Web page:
Just before the end of the year one of our young bunnies, Tribble, surprised us by giving birth to five happy and healthy baby bunnies!
Here is mama not too long after she had given birth. You can see the fluff she pulled from her belly to help make a nest for her babies.
Tribb is one of our youngest babies and we hadn't expected her to kid so early. Apparently our stud, Carl, got out while the cages were being cleaned.
Here's mama and her babies. We didn't have a nesting box ready for Trib since we weren't expecting her to have babies. But that wasn't going to stop her. Trib managed to get a hold of this towel and pull it through the bars of her cage to make a nest. She has been a great mom to her babies, keeping them warm and feeding them, even helping to keep them clean,
We knew as soon as we saw her babies that she would need a box. Our first thought was to make one. Tim is obviously handy and there are few things he can't make. So we looked up some dimensions online and Tim set about to build it.
Tim Measuring out the box using some wood for a spare bee box.
Its a little rough. but we needed something now for the babies. Its been a very cold winter here in Utah, and I worried about the babies on nothing but a towel. They'd been okay so far, but there was no telling when that towel suddenly wouldn't be enough.
Tim and I don't know a lot about raising rabbits for meat or otherwise. So, we've been learning on the fly.
We really liked the idea of having baby bunnies both to sell and continue to breed. We came to the decision before we'd gotten together. Both Tim and I had wanted to homestead and started down that path before our relationship started. In fact, one of the things that Tim says made him look at me in the light of potential relationship, was the questions I asked him about his work on homesteading.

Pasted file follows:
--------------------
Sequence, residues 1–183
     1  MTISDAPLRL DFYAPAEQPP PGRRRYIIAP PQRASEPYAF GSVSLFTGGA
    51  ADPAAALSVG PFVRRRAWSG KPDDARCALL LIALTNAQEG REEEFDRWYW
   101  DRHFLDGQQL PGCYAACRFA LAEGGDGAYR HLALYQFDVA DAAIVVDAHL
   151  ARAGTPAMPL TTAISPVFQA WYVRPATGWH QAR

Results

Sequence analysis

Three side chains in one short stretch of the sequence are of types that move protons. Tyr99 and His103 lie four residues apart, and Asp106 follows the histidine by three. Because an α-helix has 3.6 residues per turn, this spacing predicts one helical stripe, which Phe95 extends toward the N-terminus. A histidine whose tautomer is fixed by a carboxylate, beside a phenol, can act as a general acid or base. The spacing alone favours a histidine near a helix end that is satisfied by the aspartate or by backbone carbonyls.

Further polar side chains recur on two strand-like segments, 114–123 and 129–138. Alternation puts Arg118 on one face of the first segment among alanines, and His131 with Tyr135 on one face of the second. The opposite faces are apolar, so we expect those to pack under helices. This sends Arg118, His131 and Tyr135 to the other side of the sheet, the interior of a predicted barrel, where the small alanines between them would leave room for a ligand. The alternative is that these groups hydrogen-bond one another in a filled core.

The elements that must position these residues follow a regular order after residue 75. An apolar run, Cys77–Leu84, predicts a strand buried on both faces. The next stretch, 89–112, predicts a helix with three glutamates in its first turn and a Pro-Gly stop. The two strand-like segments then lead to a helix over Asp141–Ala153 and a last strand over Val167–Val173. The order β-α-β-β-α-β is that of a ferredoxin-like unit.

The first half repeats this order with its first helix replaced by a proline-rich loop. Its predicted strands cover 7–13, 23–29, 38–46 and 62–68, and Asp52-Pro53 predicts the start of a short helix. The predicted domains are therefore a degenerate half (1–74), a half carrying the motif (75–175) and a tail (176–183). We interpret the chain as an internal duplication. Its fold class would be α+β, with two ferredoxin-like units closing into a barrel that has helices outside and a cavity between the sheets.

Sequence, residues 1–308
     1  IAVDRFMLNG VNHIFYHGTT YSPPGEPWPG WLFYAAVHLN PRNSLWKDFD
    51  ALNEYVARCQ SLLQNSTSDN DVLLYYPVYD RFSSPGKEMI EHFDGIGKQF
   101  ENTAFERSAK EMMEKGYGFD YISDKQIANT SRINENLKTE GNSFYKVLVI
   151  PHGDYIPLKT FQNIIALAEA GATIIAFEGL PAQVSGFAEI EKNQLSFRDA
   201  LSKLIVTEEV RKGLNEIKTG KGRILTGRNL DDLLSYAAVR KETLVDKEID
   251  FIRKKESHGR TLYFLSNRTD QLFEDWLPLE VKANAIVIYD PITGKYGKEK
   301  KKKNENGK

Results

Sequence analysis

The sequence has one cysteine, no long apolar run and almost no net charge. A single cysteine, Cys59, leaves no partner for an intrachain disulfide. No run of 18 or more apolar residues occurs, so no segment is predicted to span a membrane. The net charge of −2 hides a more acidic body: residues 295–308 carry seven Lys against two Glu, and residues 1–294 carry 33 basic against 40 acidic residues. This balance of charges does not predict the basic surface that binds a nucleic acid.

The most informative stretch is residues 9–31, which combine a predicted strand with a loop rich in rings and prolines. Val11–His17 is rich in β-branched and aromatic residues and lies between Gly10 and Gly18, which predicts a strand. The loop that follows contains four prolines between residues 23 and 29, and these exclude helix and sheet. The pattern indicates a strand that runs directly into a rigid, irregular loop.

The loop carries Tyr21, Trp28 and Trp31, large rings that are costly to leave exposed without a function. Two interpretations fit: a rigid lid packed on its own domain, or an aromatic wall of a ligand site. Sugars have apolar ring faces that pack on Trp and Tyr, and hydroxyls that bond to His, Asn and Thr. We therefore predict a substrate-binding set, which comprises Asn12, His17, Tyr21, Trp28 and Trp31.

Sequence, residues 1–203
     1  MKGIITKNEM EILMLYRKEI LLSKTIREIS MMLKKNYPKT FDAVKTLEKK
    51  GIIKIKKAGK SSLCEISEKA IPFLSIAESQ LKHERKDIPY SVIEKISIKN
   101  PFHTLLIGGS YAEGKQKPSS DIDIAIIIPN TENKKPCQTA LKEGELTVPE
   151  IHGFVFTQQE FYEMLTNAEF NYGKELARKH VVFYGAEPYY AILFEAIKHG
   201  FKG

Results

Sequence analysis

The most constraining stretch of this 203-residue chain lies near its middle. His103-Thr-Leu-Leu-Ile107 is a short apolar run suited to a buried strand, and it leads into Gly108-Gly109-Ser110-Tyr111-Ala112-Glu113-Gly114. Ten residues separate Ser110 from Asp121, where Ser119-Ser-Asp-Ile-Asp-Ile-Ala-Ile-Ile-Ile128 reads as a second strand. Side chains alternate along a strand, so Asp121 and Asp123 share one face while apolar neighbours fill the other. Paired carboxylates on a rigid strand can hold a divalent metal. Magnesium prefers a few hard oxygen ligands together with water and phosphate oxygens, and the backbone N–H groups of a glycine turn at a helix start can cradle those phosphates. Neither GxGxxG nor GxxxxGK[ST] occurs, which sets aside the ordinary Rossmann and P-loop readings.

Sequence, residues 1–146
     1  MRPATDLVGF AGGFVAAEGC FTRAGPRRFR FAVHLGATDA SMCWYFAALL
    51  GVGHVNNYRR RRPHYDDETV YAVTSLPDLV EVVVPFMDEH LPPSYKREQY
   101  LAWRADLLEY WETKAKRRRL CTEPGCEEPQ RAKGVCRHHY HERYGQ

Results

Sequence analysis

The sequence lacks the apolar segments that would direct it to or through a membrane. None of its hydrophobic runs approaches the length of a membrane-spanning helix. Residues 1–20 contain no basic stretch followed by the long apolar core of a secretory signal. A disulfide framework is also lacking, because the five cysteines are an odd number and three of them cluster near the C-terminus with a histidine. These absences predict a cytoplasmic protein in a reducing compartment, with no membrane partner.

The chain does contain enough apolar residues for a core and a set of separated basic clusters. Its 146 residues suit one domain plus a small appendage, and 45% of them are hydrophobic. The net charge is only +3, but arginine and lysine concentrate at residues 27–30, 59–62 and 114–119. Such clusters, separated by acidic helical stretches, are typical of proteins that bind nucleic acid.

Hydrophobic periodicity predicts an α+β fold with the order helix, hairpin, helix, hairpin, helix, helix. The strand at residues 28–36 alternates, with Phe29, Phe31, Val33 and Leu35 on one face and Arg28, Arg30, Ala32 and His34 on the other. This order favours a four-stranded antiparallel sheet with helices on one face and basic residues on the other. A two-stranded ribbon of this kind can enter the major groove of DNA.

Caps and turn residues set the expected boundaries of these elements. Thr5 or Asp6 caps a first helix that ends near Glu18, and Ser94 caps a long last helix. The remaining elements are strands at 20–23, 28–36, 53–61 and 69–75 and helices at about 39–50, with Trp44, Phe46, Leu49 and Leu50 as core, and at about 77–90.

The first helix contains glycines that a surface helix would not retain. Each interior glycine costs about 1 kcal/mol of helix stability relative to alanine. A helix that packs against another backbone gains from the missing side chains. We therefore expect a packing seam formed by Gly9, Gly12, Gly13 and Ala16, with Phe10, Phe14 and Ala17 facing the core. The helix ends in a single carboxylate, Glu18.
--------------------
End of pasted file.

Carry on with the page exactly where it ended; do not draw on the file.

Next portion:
I'd ask about bees, geothermal heating, what he thought about storage container homes vs a traditional stick built home or maybe even a manufactured home. They were customizable and could be delivered almost anywhere in the lower 48 states.
We'd both thought about rabbits. Great pets, good reliable meat source and adorable as all get out. But we really hadn't thought about it logistically or from an animal husbandry stand point.
But this spring we walked into our local C.A.L. Ranch store and we saw this
And they were so cute. They had been raised as livestock and not pets, so there was no fear of them dying if we put them outside. It would be about $40 for both, which seemed like a pretty decent investment. We could mate them and raise them as a cash crop, for meat, and for the sheer adorableness of them.
We hadn't really talked about bunnies on the micro homestead, give that our space is so limited. Just like we hadn't talked about how many chickens is too many give our space limits and the ones imposed on us by the county.
One of the bunnies came up the cage and let me pet his little pink nose. I looked at Tim and he looked at me and then this happened
Enter Carl short for Caramel, (for his spots), and Nessy, short for Nestle because of her chocolate color.